Memorial Day marks opening weekend for many public pools across the U.S., and as warm weather draws people to cool waters, a handful of cities are caught in a debate over gender-specific swimming hours.

These swimming times, which are most often women-only, are usually created for Jewish or Muslim communities whose religious beliefs mandate a modesty that includes covering most of their body in front of the opposite sex. Critics find these hours discriminatory and reinforcing of old stereotypes, yet in recent years they have withstood challenges in some cities, while succumbing in others. And as the law moves towards perceiving gender as more fluid, these challenges are likely to get more heated. A recent decision by a federal court appeals court may signal that the end is drawing nigh for gender-segregated swimming.

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CAPRA Accreditation – The Power of Positive Perception
Courtesy of NRPA

By Laura T. Wetherald, MS, CPRP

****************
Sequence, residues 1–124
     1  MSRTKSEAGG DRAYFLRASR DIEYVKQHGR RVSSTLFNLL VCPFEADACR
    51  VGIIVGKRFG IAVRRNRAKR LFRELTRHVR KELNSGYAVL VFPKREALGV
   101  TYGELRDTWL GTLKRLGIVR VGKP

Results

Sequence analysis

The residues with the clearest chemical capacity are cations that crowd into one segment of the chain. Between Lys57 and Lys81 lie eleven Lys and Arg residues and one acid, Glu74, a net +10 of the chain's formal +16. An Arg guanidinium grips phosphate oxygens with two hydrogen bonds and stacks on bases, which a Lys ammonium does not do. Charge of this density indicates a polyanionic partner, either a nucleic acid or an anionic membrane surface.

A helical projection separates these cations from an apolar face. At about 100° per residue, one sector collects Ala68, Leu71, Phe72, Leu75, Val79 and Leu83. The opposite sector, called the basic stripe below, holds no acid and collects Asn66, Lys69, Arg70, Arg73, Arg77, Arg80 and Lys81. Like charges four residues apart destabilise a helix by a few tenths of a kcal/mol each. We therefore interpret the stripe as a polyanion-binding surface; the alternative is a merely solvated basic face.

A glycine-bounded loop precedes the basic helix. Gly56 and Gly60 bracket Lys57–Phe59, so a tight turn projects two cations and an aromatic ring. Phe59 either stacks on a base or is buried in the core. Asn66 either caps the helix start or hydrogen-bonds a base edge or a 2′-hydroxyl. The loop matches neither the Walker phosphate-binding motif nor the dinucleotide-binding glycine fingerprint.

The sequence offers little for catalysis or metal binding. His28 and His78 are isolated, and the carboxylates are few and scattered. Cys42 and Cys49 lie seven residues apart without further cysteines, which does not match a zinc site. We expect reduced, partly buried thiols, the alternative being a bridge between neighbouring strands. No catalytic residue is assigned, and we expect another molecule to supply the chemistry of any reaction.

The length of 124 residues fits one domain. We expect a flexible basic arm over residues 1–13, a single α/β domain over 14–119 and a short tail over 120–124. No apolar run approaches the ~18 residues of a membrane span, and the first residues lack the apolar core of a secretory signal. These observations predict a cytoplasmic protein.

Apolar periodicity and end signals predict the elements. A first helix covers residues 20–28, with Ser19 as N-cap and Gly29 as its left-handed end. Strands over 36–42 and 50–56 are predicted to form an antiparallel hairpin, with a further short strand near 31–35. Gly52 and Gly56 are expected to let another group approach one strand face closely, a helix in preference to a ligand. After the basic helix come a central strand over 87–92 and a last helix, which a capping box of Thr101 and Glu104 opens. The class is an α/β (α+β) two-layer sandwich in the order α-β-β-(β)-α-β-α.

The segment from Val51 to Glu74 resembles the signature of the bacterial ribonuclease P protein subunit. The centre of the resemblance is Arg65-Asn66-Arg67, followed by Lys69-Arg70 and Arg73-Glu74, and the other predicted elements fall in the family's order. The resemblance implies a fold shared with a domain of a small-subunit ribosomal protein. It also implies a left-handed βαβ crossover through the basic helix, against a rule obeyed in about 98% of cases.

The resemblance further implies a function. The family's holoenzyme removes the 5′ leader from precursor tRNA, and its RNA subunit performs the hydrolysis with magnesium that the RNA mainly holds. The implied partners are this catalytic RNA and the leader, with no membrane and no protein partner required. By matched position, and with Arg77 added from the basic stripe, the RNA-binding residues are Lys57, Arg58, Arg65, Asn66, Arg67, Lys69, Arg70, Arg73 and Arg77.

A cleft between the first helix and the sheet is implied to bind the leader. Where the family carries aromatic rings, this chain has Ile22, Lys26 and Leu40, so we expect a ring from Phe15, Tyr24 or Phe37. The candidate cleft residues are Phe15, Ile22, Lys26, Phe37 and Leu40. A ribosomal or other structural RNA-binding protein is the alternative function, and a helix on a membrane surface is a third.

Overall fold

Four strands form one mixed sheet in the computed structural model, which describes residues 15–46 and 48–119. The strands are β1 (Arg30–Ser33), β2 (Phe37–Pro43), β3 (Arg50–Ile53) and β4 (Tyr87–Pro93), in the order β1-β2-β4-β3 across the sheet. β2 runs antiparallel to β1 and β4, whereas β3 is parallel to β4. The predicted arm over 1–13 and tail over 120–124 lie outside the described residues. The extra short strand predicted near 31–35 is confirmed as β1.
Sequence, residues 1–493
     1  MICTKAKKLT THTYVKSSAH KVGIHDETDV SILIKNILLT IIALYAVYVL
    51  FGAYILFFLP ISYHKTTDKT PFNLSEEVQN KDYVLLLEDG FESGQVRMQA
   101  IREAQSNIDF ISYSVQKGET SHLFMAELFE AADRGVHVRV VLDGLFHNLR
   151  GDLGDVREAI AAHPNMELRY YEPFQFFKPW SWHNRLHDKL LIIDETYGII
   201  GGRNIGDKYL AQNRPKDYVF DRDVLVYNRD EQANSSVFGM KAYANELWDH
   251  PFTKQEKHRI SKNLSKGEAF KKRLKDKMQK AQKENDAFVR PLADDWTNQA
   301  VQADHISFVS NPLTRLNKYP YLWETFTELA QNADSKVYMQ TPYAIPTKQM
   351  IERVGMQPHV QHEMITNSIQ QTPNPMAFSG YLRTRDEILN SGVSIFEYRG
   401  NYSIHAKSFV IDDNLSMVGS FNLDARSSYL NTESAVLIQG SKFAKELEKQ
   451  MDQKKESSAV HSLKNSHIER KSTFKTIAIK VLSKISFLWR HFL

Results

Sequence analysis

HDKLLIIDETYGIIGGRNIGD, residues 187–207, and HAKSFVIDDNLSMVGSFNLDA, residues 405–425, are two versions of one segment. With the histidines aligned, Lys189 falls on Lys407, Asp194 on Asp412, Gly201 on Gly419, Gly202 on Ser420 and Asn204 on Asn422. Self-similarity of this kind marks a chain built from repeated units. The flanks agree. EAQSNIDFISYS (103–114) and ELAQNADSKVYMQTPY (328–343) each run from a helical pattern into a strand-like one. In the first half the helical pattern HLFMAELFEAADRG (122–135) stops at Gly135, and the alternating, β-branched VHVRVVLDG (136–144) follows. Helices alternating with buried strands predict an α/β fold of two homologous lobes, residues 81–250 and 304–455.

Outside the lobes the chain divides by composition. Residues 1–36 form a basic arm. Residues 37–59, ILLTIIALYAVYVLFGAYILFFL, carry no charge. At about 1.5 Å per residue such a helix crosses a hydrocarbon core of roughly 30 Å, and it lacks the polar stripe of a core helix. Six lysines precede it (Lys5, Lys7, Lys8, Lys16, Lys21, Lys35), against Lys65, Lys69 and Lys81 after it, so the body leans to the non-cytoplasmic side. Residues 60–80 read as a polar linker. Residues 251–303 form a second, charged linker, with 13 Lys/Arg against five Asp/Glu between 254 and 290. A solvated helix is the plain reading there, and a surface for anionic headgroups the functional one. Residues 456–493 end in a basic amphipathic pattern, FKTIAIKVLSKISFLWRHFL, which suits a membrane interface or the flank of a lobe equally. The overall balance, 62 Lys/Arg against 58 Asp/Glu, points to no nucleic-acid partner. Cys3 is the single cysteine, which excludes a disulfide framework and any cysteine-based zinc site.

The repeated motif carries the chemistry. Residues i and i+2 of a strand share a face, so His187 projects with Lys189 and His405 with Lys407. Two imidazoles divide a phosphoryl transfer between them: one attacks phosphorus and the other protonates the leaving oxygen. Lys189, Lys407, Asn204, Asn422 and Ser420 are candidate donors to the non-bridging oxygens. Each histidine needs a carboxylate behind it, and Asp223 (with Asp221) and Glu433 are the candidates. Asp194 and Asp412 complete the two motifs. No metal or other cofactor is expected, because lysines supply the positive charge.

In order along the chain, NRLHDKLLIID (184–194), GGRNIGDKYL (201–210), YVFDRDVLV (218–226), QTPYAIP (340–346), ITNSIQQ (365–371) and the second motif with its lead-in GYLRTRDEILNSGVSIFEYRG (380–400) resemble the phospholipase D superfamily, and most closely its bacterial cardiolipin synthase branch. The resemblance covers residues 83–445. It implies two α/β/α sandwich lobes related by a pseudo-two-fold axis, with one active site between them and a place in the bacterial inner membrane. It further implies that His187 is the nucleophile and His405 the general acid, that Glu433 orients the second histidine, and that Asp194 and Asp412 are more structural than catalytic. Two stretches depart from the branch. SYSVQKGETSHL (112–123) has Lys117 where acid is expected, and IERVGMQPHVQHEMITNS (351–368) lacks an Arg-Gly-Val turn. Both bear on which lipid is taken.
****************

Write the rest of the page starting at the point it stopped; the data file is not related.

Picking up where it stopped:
Accreditation from NRPA’s Commission for Accreditation of Park and Recreation Agencies (CAPRA) is a powerful stamp of approval and a great tool to help build a positive brand around the value of your agency. Howard County Recreation and Parks in Maryland achieved CAPRA accreditation in 2002. In the years preparing for our initial accreditation and then maintaining our continual five-year reaccreditation status (most recently in 2017), we developed the positive culture of a CAPRA agency. Every time I speak to the community, county administration or Maryland colleagues, I share with them the importance of accreditation and the benefits it provides to an agency and its community. Stating that our agency is one of the 165 accredited agencies out of 10,000 agencies in the United States gets the listeners’ attention.